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BRAZIL EMBRACES BOOKS: One Million Expected to Attend the 2008 Bienal Internacional do Livro; American Author Steven Carter is a Shining Star


Throngs of Brazilians filled the Bienal Internacional do Livro in Sao Paulo this weekend. This bi-annual event is expected to have over one million visitors by Sunday evening, making it the world´s most highly-attended book fair.

This is great news for Brazil, whose economy is transforming at lightening speed. But it is also great news for American author Steven Carter. Sales of Carter’s relationship books are breaking records in Brazil as women experience better jobs, higher pay, greater independence, and some unpleasant push back from men not quite ready for women to have it all.

Two of Carter’s books, “What Smart Women Know” and “Men Like Women Who Like Themselves,” originally published in the U.S. in the 1990’s, have been on the bestseller lists of Brazil’s biggest newspapers and magazines, including Folha de S. Paulo and Revista Veja, for a mind-boggling 98 weeks. Last week, the Los Angeles Times published an article about Carter’s stunning success.

To read this article, cut and paste the following link into your browser:,0,2920383.story

“It’s the last thing in the world I expected" said Carter, who lives with his wife in Los Angeles and currently serves as Dean of Administration at Yo San University, a school of Chinese medicine.

Carter, the author of 20 books including seven national bestsellers and the New York Times bestseller “Men Who Can’t Love”, didn’t find out that his books were on Brazil’s bestseller lists until he received his first royalty check in the mail. And it was a big one.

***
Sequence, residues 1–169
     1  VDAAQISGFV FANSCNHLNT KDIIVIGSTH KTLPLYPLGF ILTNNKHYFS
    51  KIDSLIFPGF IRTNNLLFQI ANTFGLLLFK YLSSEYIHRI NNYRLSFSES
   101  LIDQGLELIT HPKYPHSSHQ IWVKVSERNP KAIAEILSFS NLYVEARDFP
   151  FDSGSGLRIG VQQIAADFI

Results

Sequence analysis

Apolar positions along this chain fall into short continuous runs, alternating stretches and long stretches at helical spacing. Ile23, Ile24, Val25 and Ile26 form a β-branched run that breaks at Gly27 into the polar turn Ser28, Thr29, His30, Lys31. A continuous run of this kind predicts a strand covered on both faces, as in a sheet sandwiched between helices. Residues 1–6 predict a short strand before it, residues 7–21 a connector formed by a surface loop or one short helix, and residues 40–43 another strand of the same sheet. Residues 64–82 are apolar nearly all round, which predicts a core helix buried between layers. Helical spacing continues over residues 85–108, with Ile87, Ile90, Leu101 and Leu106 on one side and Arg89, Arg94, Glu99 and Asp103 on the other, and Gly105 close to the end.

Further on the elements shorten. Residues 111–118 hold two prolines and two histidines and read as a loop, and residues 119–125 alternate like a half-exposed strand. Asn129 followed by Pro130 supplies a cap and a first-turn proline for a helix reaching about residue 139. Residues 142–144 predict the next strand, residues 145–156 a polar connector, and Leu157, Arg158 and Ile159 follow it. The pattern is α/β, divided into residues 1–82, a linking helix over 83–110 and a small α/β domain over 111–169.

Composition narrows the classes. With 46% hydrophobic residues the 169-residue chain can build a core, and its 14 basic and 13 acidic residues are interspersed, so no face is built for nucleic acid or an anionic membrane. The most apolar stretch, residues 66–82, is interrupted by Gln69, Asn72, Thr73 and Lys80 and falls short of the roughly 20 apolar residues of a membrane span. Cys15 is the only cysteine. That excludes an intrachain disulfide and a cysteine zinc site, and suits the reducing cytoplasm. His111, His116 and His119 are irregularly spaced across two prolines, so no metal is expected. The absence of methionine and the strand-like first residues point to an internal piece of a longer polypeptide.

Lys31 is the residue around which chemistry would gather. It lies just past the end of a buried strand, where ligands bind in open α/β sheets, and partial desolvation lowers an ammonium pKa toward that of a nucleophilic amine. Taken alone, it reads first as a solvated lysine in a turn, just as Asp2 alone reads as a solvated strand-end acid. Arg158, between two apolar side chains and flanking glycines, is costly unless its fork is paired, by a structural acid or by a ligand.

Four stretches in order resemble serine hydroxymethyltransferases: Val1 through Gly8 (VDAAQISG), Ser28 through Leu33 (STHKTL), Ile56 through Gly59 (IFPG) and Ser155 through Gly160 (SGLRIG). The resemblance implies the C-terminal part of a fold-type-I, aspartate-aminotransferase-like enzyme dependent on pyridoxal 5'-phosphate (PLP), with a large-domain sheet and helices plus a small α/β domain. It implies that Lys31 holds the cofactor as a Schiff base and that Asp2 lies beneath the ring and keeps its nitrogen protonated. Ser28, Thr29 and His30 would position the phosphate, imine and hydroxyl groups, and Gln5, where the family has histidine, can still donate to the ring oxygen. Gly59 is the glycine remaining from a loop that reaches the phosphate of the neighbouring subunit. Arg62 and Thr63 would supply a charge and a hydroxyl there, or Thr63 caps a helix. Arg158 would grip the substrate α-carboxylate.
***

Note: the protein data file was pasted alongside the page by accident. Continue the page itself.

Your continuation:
Carter’s Brazilian publisher, Marcos Pereira, co-owner of the self-help and spirituality publishing company GMT Sextante, has not been completely surprised by Carter’s success. He knows how strongly Brazilian women are now responding to well-written books with a psychological slant.

“We are a very focused company in terms of our business -- one of the ways we try to find books is to establish what kinds of books would identify with the reader” Pereira said. “The role of women in the Brazilian culture or economy has evolved,” explained Pereira, “If you think of the U.S. 20 years ago, I think this is happening now in Brazil. Women are rethinking their roles.” “This rethinking is happening fast, adds Steven Carter, “Women are embracing their success and independence while firmly rejecting Brazil’s machismo past. They’re ready to deal with the push back.”

Carter arrived in Sao Paulo Saturday morning. He is at the Bienal for a series of book signings. On Saturday night, Carter had his first opportunity to meet his audience face to face. One man in the crowd muttered, “Smart women know when to keep their mouths quiet.” Carter responded, “We aren´t selling zippers here, we´re promoting emotional health.” The man actually apologized for his comment.

After the Bienal do Livro, Carter will tour Brazil this week for another round of media appearances, book signings and lectures.

To read the complete L.A. Times article, cut and paste this link in your web browser:,0,2920383.story


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 Stephen Carter books
 self-improvement books
 relationship books
 self-esteem books

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